We downloaded verified hourly height water levels from NOAA's tides and currents data inventory for Sewell's Point. Data was collected from Jan. 1, 1928 to Dec. 31, 2015 with the units set to "Metric", timezone to "GMT", and datum set to "MSL". After all the data was collected and formatted for R, we estimated the annual block maxima using the Data/Sewells_Point_tides.R script. Return periods associated with the annual block maxima are calculated using a numerical median probability return period function within the R/ReadAnalysis_LocalSeaLevel_StormSurge.R file. This is the median.rt() function in the R/Helper_scripts/Empirical_probability_calculator.R file.
  • Our storm surge analysis

    • Distribution of GEV parameters
      The maximum likelihood estimates and 95% confidence interval estimates of storm surge are approximated in the R/ReadAnalysis_LocalSeaLevel_StormSurge.R file. The data and analysis codes to reproduce the distribution of the GEV parameters are located at http://www.github.com/vsrikrish/SPSLAM.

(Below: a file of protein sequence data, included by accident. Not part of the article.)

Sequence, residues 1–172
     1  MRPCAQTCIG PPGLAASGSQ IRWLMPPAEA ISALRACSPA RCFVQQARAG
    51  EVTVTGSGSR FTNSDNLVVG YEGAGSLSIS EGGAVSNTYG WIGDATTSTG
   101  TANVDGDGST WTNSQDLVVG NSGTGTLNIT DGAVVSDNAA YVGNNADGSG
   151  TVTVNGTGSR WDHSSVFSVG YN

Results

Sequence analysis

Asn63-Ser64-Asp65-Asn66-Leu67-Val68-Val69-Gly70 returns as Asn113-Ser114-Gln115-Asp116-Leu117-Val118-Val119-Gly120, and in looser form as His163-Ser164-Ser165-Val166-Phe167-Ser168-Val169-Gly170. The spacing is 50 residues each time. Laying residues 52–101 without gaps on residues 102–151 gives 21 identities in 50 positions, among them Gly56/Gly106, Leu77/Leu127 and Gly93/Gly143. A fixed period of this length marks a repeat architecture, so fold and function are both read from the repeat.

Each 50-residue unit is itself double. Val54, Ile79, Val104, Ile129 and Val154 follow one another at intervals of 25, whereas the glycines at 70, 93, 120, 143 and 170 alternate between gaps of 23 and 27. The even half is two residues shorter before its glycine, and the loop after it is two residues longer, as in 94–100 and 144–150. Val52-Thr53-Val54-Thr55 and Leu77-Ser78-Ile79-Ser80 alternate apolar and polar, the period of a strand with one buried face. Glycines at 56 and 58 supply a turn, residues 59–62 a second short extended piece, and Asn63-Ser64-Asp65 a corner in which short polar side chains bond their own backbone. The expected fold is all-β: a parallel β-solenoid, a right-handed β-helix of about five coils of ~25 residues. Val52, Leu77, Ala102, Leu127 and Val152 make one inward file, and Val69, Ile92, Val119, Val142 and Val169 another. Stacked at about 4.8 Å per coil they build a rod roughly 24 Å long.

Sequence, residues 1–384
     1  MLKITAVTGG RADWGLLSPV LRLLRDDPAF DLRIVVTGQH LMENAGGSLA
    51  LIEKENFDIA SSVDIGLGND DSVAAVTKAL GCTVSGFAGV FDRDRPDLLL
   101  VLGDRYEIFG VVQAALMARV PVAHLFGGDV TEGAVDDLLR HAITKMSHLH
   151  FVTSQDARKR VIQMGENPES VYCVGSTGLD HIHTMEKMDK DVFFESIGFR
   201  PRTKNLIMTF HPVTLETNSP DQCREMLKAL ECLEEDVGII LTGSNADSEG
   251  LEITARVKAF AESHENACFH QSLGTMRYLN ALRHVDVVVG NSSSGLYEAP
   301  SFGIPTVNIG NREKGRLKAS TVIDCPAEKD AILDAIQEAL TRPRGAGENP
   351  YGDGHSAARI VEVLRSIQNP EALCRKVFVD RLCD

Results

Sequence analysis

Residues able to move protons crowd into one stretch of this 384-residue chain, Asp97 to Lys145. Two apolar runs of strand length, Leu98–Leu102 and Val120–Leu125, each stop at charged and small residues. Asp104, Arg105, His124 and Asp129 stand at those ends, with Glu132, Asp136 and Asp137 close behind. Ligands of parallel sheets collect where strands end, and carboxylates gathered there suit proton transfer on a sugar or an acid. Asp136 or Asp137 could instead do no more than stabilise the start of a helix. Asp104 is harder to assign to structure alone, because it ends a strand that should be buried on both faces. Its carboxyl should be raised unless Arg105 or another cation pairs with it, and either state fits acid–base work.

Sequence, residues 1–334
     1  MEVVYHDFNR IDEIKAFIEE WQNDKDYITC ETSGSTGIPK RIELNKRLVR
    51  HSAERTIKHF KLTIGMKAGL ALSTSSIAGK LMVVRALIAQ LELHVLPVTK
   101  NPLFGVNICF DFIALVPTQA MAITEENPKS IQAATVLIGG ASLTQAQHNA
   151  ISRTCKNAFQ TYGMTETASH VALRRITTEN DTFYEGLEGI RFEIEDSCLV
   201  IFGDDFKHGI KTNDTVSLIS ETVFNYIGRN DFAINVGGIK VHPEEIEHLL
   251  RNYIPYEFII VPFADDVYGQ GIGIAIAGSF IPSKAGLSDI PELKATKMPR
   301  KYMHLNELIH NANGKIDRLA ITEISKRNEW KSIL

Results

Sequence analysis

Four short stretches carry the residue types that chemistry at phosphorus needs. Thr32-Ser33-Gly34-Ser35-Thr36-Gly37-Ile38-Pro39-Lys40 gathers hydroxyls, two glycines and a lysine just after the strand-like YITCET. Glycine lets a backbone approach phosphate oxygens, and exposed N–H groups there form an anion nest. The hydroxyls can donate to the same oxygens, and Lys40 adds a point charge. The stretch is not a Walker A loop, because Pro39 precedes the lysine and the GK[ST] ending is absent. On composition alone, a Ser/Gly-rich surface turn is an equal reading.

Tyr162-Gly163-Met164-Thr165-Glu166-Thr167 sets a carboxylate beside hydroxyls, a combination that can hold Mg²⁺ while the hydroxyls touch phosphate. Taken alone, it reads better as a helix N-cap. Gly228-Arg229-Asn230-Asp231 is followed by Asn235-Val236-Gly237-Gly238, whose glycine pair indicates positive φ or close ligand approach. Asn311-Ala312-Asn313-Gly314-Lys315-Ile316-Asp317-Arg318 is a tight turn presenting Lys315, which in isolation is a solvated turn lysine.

Contacts

Kelsey Ruckert (klr324@psu.edu)
Vivek Srikrishnan (vxs914@psu.edu)
Klaus Keller (klaus@psu.edu)

License

Copyright 2018 Kelsey Ruckert

These files are free software: you can redistribute them and/or modify them under the terms of the GNU General Public License as published by the Free Software Foundation, either version 3 of the License, or (at your option) any later version.

These files are distributed in the hope that they will be useful, but WITHOUT ANY WARRANTY; without even the implied warranty of MERCHANTABILITY or FITNESS FOR A PARTICULAR PURPOSE. See the GNU General Public License for more details.

You should have received a copy of the GNU General Public License along with these files. If not, see http://www.gnu.org/licenses/.

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Characterizing flood hazard estimates used by decision makers